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Jewish World Review August 16, 2001 / 27 Menachem-Av, 5761

Steven Lubet

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Consumer Reports

Who died and made the federal judges gods? -- IN the ongoing struggle against overpaid, no-good lawyers, federal Judge Samuel Kent of Galveston, Texas, has put in his bid to become the next populist hero. In a stinging opinion that has been broadly circulated on the Internet, Judge Kent recently lambasted two -- no doubt well paid -- attorneys for their ineffectual work in his court. Employing a level of humor seldom seen in judicial decisions, Judge Kent delivered what might be the opening salvo in a war against lawyer incompetence.

Here are just a few of the choice lines, taken from the court's opinion in a case called Bradshaw v. Unity Marine Corporation:

"Both attorneys have obviously entered into a secret pact -- complete with hats, handshakes and cryptic words -- to draft their pleadings entirely in crayon on the back sides of gravy-stained paper place mats, in the hope that the Court would be so charmed by their child-like efforts that their utter dearth of legal authorities in their briefing would go unnoticed. Whatever actually occurred, the Court is now faced with the daunting task of deciphering their submissions. With Big Chief tablet readied, thick black pencil in hand, and a devil-may-care laugh in the face of death, life on the razor's edge sense of exhilaration, the Court begins."

After explaining why the defendant's brief was particularly bad, Judge Kent then turned his attention to the sorry efforts of plaintiff's counsel. "The Court commends Plaintiff for his vastly improved choice of crayon --- Brick Red is much easier on the eyes than Goldenrod, and stands out much better amidst the mustard splotched about Plaintiff's briefing. But at the end of the day, even if you put a calico dress on it and call it Florence, a pig is still a pig.?

There is lots more, but you get the idea.

At last! A federal judge who is ready to shake off complacency and challenge the shortcoming of the bar. A judge who is willing to stand up for the beleaguered public and call lawyers to account. And even better, he does it with wit and irreverence. It is not often that you come across a judge who is bold, funny and right.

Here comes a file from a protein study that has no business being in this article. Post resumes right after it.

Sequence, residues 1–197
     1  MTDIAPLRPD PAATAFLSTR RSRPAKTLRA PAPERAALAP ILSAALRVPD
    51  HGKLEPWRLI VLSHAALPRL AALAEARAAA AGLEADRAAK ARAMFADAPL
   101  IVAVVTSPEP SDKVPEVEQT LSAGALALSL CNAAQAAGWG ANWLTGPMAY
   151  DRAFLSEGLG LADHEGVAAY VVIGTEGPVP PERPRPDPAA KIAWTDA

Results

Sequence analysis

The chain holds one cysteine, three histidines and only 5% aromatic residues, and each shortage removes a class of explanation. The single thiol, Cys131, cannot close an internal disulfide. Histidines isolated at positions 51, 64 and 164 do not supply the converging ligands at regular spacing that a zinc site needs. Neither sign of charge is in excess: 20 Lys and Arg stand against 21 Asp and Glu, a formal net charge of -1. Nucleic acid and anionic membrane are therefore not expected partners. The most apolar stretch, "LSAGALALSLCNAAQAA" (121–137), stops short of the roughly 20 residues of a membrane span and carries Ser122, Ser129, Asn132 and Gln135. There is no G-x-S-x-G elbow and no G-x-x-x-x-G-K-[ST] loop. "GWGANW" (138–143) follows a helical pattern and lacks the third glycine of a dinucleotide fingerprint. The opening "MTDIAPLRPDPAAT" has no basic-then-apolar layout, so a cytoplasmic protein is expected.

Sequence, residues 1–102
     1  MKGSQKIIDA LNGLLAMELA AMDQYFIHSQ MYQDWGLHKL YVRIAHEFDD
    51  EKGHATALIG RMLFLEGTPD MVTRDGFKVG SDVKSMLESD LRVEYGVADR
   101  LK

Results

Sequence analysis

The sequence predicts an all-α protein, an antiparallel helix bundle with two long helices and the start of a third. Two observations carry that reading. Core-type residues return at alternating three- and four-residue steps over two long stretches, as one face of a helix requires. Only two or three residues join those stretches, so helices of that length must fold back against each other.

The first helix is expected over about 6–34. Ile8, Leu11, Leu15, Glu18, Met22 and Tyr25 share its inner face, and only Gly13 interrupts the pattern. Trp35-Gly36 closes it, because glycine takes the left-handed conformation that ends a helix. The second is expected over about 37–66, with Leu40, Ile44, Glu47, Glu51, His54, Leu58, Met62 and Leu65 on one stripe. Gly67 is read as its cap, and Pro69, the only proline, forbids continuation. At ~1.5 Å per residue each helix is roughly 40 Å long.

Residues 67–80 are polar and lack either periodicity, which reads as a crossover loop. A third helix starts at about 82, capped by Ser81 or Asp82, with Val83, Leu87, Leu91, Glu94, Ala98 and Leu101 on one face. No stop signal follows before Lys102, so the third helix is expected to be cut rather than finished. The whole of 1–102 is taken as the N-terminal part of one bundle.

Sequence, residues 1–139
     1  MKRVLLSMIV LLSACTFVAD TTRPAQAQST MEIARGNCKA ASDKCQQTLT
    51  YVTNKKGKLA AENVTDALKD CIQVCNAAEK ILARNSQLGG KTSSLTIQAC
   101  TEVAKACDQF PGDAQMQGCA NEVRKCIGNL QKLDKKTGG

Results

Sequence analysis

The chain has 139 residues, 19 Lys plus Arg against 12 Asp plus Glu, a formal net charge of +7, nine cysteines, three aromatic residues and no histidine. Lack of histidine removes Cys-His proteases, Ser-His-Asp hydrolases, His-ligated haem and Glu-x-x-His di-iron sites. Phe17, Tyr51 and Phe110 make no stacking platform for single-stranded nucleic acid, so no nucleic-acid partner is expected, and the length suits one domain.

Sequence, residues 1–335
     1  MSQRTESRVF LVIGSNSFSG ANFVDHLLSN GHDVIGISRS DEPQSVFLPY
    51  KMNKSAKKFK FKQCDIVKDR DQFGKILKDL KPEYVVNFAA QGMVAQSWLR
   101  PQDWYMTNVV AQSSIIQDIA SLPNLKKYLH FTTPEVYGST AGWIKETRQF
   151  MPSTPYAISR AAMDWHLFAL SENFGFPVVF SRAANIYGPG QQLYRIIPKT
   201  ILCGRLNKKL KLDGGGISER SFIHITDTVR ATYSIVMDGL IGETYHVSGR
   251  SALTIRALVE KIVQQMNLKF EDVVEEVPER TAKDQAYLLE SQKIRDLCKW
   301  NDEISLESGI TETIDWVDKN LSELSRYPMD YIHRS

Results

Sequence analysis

There is just one problem. Judge Kent's opinion isn?t bold, it isn't funny, and, although it is certainly self-righteous, it is anything but right.

Federal judges exercise enormous power over litigants, and especially over the lawyers who appear before them. Armed with life tenure and broad discretion, a judge can do great damage to a lawyer's career, while the attorney has virtually no recourse at all. So when Judge Kent decided to torment the hapless counsel in the Bradshaw case -- who are identified by name in the published opinion -- he was taking aim people who could not defend themselves. Under law, they cannot even get their case transferred to a new judge. They just have to grin and bear it, in the hope that "His Honor" doesn't decide to go after them again.

There is a name for that sort of behavior, and it isn't adjudication. It's bullying. It smacks of nothing so much as the biggest kid on the playground picking on the smaller kids who are too browbeaten to fight back. Even the "crayon" taunt inadvertently reveals the judge's own schoolyard perspective, much more than it tells us anything about his unfortunate targets.

And this is no defense of the inept attorneys. I assume that their work product was every bit as deficient as Judge Kent claimed. But a federal judge has many decent, reasonable ways of dealing with inadequate lawyers. He can call them into chambers, he can require them to rewrite their briefs, he can ask to speak with their senior partners. Any one of those steps could have been taken in private, with a far greater remedial effect than can be achieved through public humiliation.

One of the great strengths of our Constitutional system is that federal judges are appointed for life ? a measure intended to assure the independence of the judiciary. Occasionally, however, a judge, for reasons of ego or poor judgment, mistakes independence for license and becomes a terror on the bench. Alas, there is no good response to that sort of misconduct, which often tends to get worse over time. Lawyers may talk behind the judge's back, while trying to avoid his ire, but in the courtroom it pretty much has to be "Yes, Your Honor," and "Thank you, Your Honor," lest the client suffer.

Ultimately, the only remedy is public indignation. Judge Kent, and others like him, need to know that ridicule isn't funny. It's just mean. It isn't judging, it's just showing off. I agree that slipshod lawyering can be a problem. But in the end, an incompetent lawyer is far less dangerous than a judicial bully.

JWR contributor Steven Lubet is Professor of Law at Northwestern University and the author, most recently, of Nothing But the Truth: Why Trial Lawyers Don't, Can't, and Shouldn't Have to Tell the Whole Truth . Comment by clicking here.


© 2001, Steven Lubet